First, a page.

Lobbed like a grenade into an already hostile COAG meeting of state premiers who, Colin Barnett aside, want him to return the $80 billion his predecessor cut from hospital and school funding, the proposal either blew up in his face or it was a cunning tactical move to paint the premiers as ingrates and nay-sayers – depending on your choice of spin doctor.

By Saturday Shorten had him on the back foot calling COAG a “humiliating farce” forcing Turnbull to snarl that state premiers could never ask federal government for any funds ever again. Having rejected his best offer, (made without a scrap of documentation), they are to stop snivelling about going broke and take whatever further cold cuts and other stale leftovers from the IPA menu are fed them in the May Budget.

Now it has his number on cut-throat competitive federalism, Labor has been quick to exploit both the mean spirit of the PM’s less than innovative proposal and the hasty manner in which it was made, an urgency, Mr Turnbull has explained which was brought on by the draft cabinet document being leaked the previous day.

Not only is his COAG leadership looking uninspiring, however, the PM’s anti-corruption-in-construction election plank is flimsy in the light of the evidence of corruption surfacing in the NSW ICAC into Liberal funding which suggests most of his party’s funds in that state came from prohibited donors.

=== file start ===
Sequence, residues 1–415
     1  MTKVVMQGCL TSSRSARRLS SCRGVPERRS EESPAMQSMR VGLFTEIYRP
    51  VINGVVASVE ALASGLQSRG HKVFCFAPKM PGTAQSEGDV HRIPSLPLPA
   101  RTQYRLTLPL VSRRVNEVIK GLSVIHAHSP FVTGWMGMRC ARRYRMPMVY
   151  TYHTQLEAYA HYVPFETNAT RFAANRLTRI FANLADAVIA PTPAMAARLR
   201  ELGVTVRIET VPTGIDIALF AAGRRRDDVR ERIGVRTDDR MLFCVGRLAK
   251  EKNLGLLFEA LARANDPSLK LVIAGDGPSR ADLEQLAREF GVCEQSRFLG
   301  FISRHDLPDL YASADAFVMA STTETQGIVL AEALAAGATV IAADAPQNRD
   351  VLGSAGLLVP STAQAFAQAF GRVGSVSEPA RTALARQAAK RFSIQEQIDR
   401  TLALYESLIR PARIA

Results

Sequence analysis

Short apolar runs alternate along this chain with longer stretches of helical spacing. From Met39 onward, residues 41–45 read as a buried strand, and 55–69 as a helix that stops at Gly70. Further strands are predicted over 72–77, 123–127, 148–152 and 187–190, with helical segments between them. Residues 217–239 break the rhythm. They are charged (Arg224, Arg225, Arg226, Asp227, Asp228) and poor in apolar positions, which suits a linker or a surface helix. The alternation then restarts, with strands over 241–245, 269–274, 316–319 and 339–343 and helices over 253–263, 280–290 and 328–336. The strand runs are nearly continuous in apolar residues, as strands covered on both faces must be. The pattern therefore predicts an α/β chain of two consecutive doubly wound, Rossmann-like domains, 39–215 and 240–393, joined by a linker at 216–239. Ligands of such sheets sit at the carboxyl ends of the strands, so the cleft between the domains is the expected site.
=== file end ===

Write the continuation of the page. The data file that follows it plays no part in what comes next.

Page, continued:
Funding is big in the NSW Liberal Party HQ ending the careers of many state politicians including wine buff, former Premier Barry O’Farrell. The outfit not only runs our most populous, most powerful state, it is an incubator for those born to rule federal politics, such as Bronwyn Bishop, whose every waking moment is dedicated to keeping the streets of McKellar safe from ISIS.

Bronnie’s former mentor, local hero and darling of the NSW right wing, IPA apostle Tony Abbott soldiers on bravely juggling his valuable advisory work in Ukraine with his many international speaking engagements because of his need to “make a contribution”.

Tony’s contribution in Ukraine is a paid position on President Poroshenko’s International Advisory Council. Poroshenko assured him that all his council members are “an author of economic or democratic miracle in your countries.”  Tony’s noble ideals surely would have commended him, too, had Poroshenko been pressed further.

Renowned for its pursuit of the noblest ideals of community service, public discourse and intellectual inquiry, the NSW Liberal party, suddenly, is struggling to account for $690, 000 of its own funds. Or access any of their $4.4 million war chest, until they can tell the NSW Electoral Commission who gave them the money.

The NSW Liberals seem to have overlooked or misunderstood the disclosure rules in the exchange of money for influence popularly known as fund-raising. As a result, its funds have been frozen by the Electoral Commission headed by Justice Keith Mason, a former president of the NSW Court of Appeal who is not all fazed by Arthur Sinodinos’ threats of legal action over its “flawed” report that has led to media outlets labelling him corrupt.